For much of this story, we have had our focus on Joseph – we saw Joseph thrown into a pit by his brothers, then hauled out and cast into slavery. We saw God’s faithfulness to Joseph by blessing the work of his hands in Potiphar’s house. We saw Joseph falsely accused by Potiphar’s wife and then thrown into prison. There, too, God was with Joseph, giving him favor in the sight of the chief jailor. God was with Joseph when two high profile prisoners had dreams and God enabled Joseph to interpret them. God was with Joseph when Pharaoh had a dream and the cupbearer remembered Joseph and at his interpretation, Joseph was elevated by Pharaoh to second in command over all Egypt. We saw Joseph go down, down, down, only to be lifted up and used to bless the world with food. 

For the most part, this story has been Joseph, Joseph, and more Joseph. 

But there have been hints of Judah’s importance in the story of the brothers. When Joseph was crying out in the well, Judah was the one not content to simply kill Joseph and hide it, but wanted to profit from it. It was Judah’s suggestion that Joseph be sold into slavery – and the brothers listened. We heard how Judah married a woman of the land, his life flourished only to go spiraling out of control as his sons turned out wicked and were judged. The tenacious Tamar encounters Judah in a self-righteous rage and Judah repents and returns to his brothers. Judah becomes a man after God’s own heart, not because he always does right, but because he repents when he does wrong. And when talking with Jacob about their situation of hunger, it is Judah who takes the lead among the brothers. There have been hints of Judah’s importance to the story. 

Here at the climax, both Judah and Joseph are brought front and center, and it is Judah who ultimately brings about the reconciliation of the brothers.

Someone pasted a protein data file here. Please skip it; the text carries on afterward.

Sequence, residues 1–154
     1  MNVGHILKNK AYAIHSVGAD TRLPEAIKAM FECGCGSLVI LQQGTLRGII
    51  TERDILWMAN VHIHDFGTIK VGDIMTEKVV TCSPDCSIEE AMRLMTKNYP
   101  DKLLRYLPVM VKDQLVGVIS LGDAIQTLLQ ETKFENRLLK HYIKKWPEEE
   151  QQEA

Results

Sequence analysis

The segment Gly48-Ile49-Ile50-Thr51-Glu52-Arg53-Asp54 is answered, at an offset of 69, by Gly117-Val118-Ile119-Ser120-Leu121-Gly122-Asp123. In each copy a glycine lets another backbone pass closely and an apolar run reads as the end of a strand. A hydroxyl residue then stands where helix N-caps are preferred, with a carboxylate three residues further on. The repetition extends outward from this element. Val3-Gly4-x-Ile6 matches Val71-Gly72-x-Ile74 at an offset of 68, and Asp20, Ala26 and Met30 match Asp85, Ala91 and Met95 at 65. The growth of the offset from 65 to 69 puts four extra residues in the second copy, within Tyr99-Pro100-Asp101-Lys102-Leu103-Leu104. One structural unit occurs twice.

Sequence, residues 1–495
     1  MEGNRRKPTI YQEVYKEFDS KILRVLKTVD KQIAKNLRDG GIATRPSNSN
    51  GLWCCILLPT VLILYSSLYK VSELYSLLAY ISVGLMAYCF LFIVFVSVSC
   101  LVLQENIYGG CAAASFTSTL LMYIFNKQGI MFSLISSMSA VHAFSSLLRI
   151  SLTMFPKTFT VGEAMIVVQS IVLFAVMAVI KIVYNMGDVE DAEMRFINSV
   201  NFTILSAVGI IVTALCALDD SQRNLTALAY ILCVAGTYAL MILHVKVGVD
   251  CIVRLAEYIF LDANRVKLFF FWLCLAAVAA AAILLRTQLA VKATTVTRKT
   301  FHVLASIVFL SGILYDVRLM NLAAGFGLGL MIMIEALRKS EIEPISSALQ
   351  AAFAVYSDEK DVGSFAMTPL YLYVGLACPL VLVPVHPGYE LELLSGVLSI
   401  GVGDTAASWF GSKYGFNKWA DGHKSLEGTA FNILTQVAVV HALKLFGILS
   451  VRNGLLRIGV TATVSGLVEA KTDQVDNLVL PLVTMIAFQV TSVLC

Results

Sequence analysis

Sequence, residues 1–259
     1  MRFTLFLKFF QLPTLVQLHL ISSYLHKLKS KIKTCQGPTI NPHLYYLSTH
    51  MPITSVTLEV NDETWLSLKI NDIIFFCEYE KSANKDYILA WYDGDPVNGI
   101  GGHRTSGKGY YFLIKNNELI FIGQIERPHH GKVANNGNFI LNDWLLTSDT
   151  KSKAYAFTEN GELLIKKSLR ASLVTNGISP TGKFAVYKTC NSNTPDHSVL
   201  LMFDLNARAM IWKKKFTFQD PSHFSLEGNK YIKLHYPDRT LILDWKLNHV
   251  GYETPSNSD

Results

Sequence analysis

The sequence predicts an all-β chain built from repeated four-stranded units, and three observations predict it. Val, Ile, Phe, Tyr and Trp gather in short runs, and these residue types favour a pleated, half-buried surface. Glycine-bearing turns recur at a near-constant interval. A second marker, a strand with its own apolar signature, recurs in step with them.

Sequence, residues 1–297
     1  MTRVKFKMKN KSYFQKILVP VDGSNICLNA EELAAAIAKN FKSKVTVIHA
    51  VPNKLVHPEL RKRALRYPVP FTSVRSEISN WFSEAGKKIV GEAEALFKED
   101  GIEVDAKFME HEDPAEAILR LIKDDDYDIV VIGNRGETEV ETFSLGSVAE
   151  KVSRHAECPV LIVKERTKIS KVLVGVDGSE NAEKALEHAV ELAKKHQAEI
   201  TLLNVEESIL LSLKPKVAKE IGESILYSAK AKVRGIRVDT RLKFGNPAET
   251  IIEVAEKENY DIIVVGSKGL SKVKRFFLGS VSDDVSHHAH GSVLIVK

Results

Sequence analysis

Joseph silver cup was found in Benjamin’s sack. We know that Joseph had it placed there, but the brothers do not. They had rashly vowed that if any of them had the cup, that person would die and the rest would become Joseph’s slaves. But then, stunningly, the cup is found in Benjamin’s sack. Instead of abandoning their brother, the ten remaining brothers head back to Egypt to plead with Joseph. Judah takes the lead. He doesn’t try and wiggle his way out. He doesn’t protest their innocence. He knows with the evidence as it is, there is no hope for Benjamin. He speaks for the brothers saying that they all will become slaves of Joseph. 

But Joseph refuses. Only the one. Only Benjamin. So Judah gives the longest speech in the whole book of Genesis. He recounts their earlier encounters, how they told Joseph about their father and younger brother, how they revealed how precious this young boy was to their father, and how Joseph had demanded that Benjamin be brought to him. Judah tells how the loss of Benjamin would lead to the death of Jacob and then makes an offer.

Now therefore, please let your servant remain as a slave to my lord in place of the boy, and let the boy go back with his brothers.

Judah’s life in place of Benjamin’s. Judah’s future sacrificed instead of Benjamin’s. Judah will become the slave so that Benjamin can go free – for the sake of Benjamin and for the sake of their father Jacob. 

Let me remain in his place. That is the cost of reconciliation. Judah in place of Benjamin. 

Because at this act, this offer, the dam breaks and Joseph cannot hold it back anymore. Reconciliation breaks in, they embrace, they weep, they talk, blessings come raining down, all because Judah offered himself in place of Benjamin. 

All it cost was Judah’s life, his freedom, his future, in place of Benjamin. 

This reconciliation was costly. What ultimately brought the estranged brothers together was not some heroic effort or even a casual, cheap forgiveness (such as ‘it was a long time ago, it’s all okay’), but the costly sacrifice of Judah. 

But reconcilation, true reconciliation, true grace is always costly. The pastor and martyr Dietrich Bonhoeffer said this about the costliness of grace: